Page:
The video is largely without audio, but at one point, Abu Saleh says, “I have an operation in Riyadh.” One of the Yemenis asks, “Is it a suicide attack?”, to which Abu Saleh replies, “we call it a martyrdom operation”.

“I call for the Security Council to impose punishments on Hizbollah and all sides that support the Houthi rebels with weapons, according to the resolution of the Security Council that prevents providing the Houthis and Saleh with weapons,” Yemen’s minister of information Abulmageed Qubati told The National.

Hizbollah officials have not confirmed any role for the group in Yemen, although the group has admitted sending thousands of fighters into the Syrian conflict in support of president Bashar Al Assad.

For their part, the Houthis have not yet denied the veracity of the video.

While the video points to an advisory role for Hizbollah in Yemen, it is unlikely that the group is able to provide much more assistance, given the strain on its resources and the coalition blockade of Yemen’s borders.

“I do not think that the Houthis need more fighters, only trainers, and I do not think that they are so many” because more evidence would have come to light by now, said Ahmed Obaid, an analyst and retired Yemeni military officer in Aden.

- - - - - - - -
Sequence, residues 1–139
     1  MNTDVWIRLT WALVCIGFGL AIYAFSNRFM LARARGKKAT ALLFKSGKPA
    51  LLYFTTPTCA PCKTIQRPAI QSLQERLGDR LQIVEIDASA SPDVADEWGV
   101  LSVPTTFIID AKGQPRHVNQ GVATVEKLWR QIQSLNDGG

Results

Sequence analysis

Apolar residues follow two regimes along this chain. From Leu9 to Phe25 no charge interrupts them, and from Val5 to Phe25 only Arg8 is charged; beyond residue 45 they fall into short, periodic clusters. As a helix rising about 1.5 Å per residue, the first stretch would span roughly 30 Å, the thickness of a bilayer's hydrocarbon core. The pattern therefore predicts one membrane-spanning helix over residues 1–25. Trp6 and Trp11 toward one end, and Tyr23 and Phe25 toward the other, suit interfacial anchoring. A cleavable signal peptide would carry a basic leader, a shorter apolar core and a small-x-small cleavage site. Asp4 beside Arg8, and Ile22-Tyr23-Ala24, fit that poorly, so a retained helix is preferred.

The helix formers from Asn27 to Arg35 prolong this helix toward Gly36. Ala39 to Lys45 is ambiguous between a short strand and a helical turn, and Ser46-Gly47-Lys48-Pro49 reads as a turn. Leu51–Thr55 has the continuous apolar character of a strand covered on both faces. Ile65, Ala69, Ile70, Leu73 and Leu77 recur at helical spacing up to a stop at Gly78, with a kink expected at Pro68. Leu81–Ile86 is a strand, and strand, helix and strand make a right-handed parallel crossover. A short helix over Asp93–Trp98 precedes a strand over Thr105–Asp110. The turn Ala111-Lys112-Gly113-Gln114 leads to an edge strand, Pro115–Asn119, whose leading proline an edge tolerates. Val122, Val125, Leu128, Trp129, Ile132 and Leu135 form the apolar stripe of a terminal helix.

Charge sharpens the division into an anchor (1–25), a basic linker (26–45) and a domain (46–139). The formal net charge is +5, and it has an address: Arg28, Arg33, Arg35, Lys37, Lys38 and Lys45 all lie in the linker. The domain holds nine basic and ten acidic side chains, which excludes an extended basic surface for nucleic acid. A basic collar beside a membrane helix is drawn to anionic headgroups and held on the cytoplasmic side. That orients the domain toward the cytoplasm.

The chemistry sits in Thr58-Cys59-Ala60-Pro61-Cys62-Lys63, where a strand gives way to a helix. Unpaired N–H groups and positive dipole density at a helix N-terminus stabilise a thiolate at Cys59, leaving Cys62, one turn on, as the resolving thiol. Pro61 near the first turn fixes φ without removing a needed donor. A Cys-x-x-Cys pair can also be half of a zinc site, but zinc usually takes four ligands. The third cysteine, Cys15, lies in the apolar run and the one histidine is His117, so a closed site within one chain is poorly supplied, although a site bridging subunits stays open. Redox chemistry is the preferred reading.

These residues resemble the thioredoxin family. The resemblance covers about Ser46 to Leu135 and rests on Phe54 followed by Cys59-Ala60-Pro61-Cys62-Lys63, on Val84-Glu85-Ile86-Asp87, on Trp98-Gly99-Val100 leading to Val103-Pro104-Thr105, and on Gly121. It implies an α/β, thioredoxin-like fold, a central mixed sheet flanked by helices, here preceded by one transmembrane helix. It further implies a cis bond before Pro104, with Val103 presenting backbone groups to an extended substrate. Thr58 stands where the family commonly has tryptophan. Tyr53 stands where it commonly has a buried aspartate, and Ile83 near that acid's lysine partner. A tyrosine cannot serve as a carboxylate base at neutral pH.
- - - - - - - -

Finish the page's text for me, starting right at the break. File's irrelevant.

Mr Qubati said Hizbollah and the Iranian Revolutionary Guards began supporting the Houthis over the past decade, and ramped up their support since 2011, adding that the trainer in the video probably arrived in Yemen before the current conflict.

“After the coalition forces saved the ports in Yemen, the smugglers of the weapons to the Houthis mostly stopped and the military experts cannot enter the country easily,” he said. Some of them may have entered through the deserted islands off the western coast, “but all of these weapons and experts came to the Houthis during the reign of Ali Saleh”.

He also claimed that Hizbollah played a key role in allying the Houthis with Mr Saleh, their former enemy who had led six wars to crush the group during his 33-year presidency. “Hizbollah is the main engineer of rebuilding relations between the Houthi rebels and Saleh.”